Brooklyn in the Civil War
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Ten Cent Promissary Note
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Ten Cent Promissary Note

Brooklyn 1862

During the Civil War, people hoarded metal coins because of their intrinsic value as silver, gold, or copper. This hoarding caused a shortage of circulating coins. The Bureau of Engraving and Printing was called to print paper notes in denominations of 3 cents, 5 cents, 10 cents, 25 cents, and 50 cents.

This note, however, may be of a different sort called a shinplaster. Enterprising businesses, such as this store at 683 Myrtle Ave., Brooklyn, would issue a promissory note (promise to pay) to their customers. These notes came in a variety of denominations and were redeemable for merchandise only at the merchant of issue. Also, after customer pressure, merchants promised to exchange the shinplaster for bank notes if the customer could save one dollar's worth. Read an interesting article on this issue:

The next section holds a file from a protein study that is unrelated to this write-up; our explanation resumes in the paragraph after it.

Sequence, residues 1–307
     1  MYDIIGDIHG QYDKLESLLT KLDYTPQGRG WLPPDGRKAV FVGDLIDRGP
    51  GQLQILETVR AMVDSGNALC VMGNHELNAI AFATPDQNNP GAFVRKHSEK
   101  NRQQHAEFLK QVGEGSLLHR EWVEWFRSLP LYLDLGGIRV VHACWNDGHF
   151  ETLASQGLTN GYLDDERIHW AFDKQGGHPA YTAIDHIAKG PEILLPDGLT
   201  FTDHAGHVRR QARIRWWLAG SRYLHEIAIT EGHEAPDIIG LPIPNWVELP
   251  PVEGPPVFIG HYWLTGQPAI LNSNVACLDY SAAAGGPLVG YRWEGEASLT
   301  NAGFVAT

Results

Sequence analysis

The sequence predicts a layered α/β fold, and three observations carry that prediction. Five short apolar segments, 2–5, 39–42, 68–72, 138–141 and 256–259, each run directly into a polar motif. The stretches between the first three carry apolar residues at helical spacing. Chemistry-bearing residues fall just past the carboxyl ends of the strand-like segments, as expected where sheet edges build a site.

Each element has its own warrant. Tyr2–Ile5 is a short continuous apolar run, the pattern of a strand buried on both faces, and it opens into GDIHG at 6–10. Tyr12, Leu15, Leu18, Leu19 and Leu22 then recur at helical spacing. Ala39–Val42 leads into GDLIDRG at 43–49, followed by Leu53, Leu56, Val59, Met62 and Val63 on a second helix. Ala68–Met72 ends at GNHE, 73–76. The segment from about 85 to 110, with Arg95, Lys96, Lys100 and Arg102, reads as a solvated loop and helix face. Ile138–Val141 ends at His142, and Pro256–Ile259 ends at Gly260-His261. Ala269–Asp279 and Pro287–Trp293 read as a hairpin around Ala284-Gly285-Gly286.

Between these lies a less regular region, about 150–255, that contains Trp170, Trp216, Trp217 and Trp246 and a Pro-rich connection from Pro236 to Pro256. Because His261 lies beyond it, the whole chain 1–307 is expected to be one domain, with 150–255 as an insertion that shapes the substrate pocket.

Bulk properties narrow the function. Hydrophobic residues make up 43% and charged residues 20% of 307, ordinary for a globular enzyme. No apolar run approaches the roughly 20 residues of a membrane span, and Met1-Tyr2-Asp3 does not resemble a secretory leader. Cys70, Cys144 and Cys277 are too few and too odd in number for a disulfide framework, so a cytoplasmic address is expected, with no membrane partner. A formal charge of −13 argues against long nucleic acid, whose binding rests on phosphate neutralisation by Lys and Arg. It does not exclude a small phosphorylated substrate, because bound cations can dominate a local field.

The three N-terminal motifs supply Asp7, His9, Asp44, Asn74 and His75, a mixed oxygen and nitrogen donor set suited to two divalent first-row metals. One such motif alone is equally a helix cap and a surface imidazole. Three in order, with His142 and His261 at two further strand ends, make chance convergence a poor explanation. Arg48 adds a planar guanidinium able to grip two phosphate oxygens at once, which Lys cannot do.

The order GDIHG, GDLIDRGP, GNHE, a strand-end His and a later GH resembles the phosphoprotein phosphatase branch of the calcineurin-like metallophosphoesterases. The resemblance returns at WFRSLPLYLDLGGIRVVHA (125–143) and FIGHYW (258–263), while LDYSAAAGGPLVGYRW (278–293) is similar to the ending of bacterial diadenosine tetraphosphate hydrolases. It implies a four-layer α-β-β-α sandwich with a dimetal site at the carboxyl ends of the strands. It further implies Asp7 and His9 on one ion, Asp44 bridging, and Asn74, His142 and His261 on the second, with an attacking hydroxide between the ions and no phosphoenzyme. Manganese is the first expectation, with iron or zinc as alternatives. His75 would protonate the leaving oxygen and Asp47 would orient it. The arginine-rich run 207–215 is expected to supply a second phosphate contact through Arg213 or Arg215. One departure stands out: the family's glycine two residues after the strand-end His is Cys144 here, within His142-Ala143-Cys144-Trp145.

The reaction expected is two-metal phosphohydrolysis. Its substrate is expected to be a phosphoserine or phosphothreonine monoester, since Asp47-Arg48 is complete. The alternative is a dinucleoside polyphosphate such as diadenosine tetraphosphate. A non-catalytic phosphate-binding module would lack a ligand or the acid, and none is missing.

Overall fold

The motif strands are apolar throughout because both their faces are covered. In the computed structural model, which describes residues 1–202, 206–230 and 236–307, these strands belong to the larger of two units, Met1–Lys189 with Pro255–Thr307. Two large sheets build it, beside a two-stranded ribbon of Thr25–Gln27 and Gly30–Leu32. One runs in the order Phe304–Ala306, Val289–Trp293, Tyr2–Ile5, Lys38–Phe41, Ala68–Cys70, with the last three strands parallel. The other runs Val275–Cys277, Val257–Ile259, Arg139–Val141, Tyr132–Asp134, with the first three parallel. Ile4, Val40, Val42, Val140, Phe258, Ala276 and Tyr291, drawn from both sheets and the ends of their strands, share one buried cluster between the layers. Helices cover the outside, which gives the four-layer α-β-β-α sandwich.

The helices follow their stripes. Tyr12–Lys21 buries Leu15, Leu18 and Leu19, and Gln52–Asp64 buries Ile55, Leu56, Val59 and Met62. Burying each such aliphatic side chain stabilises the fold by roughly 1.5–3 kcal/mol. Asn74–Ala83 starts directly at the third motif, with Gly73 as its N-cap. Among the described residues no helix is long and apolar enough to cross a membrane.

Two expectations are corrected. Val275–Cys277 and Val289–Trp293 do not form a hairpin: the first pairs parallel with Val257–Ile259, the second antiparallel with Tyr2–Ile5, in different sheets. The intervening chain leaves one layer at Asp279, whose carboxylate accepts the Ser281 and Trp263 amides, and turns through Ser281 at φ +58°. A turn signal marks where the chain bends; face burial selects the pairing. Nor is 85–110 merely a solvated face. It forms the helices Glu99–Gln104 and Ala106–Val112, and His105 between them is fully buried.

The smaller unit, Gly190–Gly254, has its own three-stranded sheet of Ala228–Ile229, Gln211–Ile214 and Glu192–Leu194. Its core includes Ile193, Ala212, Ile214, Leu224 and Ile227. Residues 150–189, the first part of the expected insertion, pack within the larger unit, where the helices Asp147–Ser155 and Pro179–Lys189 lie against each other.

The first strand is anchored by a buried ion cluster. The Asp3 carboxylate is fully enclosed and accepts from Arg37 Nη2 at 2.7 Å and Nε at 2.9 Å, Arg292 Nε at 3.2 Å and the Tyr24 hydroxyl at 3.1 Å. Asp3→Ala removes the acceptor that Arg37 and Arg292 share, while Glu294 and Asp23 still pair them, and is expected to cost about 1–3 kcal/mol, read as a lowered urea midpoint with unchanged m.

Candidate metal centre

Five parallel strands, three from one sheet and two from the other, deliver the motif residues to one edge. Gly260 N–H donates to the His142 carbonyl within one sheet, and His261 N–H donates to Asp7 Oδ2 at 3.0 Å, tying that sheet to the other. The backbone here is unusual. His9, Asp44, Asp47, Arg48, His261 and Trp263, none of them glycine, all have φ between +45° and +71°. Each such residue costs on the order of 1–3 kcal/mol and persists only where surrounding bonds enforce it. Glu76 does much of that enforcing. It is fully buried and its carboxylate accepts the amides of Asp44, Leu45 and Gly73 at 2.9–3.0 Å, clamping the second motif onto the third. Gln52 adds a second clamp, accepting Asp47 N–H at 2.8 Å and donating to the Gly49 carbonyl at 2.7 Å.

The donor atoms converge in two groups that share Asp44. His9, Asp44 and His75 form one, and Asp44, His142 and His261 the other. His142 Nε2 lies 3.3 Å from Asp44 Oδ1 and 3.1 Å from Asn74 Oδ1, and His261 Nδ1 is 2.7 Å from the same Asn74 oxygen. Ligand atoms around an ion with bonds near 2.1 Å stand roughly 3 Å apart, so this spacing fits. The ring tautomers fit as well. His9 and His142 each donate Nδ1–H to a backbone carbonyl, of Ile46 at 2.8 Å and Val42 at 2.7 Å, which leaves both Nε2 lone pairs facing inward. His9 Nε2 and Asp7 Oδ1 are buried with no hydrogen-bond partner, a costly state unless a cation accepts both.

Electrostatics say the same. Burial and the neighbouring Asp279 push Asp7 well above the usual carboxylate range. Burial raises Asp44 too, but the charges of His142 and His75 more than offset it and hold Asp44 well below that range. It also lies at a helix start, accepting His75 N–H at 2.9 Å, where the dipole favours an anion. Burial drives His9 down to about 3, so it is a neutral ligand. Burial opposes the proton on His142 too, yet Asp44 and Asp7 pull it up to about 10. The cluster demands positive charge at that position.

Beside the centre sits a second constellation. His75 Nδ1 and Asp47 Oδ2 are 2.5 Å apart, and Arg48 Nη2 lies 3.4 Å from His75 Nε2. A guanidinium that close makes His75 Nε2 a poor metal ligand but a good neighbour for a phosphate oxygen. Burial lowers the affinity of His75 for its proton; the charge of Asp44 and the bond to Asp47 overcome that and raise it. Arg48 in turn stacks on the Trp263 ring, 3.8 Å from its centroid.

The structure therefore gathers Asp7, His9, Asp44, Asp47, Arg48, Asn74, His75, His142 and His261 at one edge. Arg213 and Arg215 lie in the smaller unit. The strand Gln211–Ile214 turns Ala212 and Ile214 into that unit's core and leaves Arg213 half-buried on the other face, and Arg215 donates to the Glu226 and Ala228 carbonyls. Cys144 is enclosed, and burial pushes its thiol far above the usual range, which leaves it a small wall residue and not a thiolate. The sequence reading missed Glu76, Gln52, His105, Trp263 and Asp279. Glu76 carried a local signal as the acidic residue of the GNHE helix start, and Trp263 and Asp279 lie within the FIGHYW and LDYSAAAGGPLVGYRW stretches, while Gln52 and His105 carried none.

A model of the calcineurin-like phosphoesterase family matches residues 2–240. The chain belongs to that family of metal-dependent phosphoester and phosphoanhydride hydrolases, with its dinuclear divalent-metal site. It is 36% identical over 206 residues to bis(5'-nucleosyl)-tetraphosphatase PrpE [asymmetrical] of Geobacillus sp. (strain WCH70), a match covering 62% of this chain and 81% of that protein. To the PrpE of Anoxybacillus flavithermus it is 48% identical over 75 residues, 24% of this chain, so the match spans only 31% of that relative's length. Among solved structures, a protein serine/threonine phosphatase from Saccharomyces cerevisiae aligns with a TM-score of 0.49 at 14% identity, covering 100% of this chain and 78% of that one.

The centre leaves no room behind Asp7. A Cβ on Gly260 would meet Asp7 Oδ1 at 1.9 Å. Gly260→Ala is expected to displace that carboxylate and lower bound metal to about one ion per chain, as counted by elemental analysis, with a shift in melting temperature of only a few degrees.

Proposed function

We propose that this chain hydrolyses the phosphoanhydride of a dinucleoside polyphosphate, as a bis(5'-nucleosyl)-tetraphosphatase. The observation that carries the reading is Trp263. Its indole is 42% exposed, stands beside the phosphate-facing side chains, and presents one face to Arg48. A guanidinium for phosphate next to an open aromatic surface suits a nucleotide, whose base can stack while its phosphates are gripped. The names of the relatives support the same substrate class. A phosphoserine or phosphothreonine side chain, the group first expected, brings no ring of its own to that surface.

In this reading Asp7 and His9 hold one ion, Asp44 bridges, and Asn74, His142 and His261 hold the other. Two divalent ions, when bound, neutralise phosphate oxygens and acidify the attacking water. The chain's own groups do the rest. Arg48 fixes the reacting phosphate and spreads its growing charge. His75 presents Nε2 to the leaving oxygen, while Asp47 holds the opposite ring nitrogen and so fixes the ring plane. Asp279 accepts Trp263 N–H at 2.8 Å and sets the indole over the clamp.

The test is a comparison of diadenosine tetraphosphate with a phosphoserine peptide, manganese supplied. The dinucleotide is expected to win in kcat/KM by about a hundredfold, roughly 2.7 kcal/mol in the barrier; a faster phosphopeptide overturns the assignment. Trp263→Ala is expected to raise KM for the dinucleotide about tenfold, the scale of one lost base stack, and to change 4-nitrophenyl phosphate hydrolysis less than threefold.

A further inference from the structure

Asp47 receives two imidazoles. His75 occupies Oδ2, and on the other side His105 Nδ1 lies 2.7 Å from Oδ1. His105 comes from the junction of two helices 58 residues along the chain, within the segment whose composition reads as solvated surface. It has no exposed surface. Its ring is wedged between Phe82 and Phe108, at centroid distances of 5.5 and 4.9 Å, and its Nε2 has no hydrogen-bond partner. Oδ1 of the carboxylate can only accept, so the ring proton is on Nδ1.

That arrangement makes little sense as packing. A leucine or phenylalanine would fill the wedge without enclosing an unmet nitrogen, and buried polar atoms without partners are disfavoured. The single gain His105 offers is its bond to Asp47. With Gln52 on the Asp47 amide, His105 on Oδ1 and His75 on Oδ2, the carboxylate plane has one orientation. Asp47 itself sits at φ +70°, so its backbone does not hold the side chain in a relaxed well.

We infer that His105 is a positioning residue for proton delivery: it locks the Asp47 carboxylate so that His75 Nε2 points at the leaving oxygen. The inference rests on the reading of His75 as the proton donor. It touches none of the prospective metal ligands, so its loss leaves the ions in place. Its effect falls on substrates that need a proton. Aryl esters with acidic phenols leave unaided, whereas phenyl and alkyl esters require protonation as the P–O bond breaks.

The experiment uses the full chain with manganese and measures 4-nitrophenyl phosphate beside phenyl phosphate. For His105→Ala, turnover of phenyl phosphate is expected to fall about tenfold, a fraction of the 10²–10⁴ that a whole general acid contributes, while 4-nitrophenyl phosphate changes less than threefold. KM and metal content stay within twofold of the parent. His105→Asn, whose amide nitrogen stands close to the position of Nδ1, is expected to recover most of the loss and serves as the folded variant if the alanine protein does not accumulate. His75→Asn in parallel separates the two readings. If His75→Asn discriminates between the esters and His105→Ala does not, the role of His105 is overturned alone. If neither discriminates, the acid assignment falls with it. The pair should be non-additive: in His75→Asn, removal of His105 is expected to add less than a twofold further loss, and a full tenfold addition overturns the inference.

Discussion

"U. S. Currency in the Civil War"
(http://www.valuable-coin-stories.com/civil-war-paper-money.html)
.

Citation - Document 41
1862
Courtesy of Tom and Angela Sarro
www.brooklynpubliclibrary.org/civilwar

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